Also, your idea of having raw data without validations and a layer with validations is very common in traditional non-game designs, but very uncommon in games.  Games don't usually have any "validations" that they don't need to operate, and if they need them to operate, they usually run in all appropriate contexts.


And the idea of running a "simulation" client-side that mirrors what the server does, and then syncing up these states when they don't agree is a full topic all to itself with many articles published.


You have simply opened too many topics in 1 tiny partially written thread.  Break your problem down and repost as specific questions for specific areas of guidance.

#5093585 Simple C++ Design Question for Numerology App

Posted by Xai on 12 September 2013 - 10:09 AM

Also, I want to say I was wrong, Alvaro's post is correct, there is a constant time solution and that is it - and it works for all numbers >= 1 (make sure and trap 0 as the only special case that adds to 0).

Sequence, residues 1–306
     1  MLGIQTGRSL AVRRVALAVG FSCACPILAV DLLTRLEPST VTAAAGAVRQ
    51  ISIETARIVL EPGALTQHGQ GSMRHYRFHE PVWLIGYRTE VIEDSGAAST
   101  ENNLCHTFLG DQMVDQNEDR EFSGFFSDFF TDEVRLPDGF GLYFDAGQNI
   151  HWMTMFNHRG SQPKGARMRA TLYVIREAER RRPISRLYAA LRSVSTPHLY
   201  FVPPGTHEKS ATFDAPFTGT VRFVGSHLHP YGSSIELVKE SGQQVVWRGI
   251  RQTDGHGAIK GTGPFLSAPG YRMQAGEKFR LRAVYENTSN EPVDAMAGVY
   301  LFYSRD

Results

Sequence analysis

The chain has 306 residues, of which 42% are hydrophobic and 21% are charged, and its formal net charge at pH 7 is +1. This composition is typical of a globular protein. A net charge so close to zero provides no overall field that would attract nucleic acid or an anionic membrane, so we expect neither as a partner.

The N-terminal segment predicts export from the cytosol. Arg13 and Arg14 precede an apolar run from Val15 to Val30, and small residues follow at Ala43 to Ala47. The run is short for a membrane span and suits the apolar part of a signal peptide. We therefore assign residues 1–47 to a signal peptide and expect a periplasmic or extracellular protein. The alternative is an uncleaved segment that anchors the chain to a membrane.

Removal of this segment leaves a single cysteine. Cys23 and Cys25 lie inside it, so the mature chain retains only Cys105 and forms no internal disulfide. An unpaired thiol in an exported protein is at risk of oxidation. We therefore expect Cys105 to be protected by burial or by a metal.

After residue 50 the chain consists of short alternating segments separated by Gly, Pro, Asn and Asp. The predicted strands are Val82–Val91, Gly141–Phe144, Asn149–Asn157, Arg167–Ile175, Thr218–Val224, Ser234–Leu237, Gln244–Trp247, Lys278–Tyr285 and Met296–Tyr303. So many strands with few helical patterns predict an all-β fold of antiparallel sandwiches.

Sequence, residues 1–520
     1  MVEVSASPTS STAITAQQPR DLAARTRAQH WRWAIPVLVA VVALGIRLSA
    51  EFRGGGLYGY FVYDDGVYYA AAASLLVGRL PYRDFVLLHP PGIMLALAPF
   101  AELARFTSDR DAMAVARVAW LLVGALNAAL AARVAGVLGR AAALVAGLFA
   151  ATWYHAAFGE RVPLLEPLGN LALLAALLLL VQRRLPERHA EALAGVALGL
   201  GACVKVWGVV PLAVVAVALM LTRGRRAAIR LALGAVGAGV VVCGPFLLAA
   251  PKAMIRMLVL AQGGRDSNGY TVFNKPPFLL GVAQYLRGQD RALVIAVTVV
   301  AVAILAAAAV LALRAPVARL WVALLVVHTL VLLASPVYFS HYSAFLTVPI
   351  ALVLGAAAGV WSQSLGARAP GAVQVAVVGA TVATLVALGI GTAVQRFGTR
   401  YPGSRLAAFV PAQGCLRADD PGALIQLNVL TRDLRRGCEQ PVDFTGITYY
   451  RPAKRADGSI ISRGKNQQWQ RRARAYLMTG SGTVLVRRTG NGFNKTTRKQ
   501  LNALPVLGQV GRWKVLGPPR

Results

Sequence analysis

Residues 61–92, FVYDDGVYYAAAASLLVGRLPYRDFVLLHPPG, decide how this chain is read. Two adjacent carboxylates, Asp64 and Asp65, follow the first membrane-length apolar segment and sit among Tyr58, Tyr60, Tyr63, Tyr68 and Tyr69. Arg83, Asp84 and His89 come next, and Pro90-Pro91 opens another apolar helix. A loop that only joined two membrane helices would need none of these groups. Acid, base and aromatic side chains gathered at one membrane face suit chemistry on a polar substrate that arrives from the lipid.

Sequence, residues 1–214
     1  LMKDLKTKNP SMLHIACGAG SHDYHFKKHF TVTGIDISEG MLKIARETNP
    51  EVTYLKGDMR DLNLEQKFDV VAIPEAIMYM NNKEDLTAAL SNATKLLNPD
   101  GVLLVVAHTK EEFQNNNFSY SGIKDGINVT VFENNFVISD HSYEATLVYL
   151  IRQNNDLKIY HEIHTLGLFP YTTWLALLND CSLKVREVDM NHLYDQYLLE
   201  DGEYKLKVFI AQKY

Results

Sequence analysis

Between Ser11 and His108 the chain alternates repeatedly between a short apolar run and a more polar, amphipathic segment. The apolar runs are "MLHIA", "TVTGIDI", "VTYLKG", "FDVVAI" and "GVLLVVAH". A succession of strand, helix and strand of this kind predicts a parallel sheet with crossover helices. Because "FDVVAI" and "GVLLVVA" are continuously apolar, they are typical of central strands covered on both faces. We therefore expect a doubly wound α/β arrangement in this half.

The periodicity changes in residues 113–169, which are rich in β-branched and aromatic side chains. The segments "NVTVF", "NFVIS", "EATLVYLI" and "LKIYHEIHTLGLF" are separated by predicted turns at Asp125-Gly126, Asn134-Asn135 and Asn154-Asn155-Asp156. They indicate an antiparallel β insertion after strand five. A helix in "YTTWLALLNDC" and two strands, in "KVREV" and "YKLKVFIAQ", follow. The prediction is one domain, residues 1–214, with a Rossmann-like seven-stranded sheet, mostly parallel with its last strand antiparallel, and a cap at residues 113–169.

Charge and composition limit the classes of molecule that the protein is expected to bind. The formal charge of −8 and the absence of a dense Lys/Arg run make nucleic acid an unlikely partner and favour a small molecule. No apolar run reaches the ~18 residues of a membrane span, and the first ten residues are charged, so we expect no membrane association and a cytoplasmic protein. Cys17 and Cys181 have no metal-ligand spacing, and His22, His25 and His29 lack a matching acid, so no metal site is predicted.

I was erroneously thinking that an inheirantly loop-base operation cannot be condensed to constant time, but the fact is, the divide and modulous operators and not "constant time" in the simple sense.  They have circuitry added for each digit of support, so the "loop-based" aspect is being played out in parallel in the modulus operator - very neat indead.


I was also erroneously thinking that that range 1-9 couldn't be correct, because there is no 0 ... but I forgot to account for the fact that it is supposed to be that way for any number >0.  9 = 9, 10 = 1, 11 = 2 ... I don't know why I lost sight of that in my argument.


Sorry for the confusion.

#5093460 virtual destructor

Posted by Xai on 11 September 2013 - 07:58 PM

Paradigm Shifter's No is also a yes.  As he said, you don't need to DECLARE a destructor as virtual in derived classes, because once it is defined as virtual in a base, it is virtual from their on down.  So YES, it would be (and need to be) virutal in all derived classes, you just don't have to add the declaration to make it so.

#5093079 Custom C++ Classes in Visual Studio Express 2012

Posted by Xai on 10 September 2013 - 02:16 PM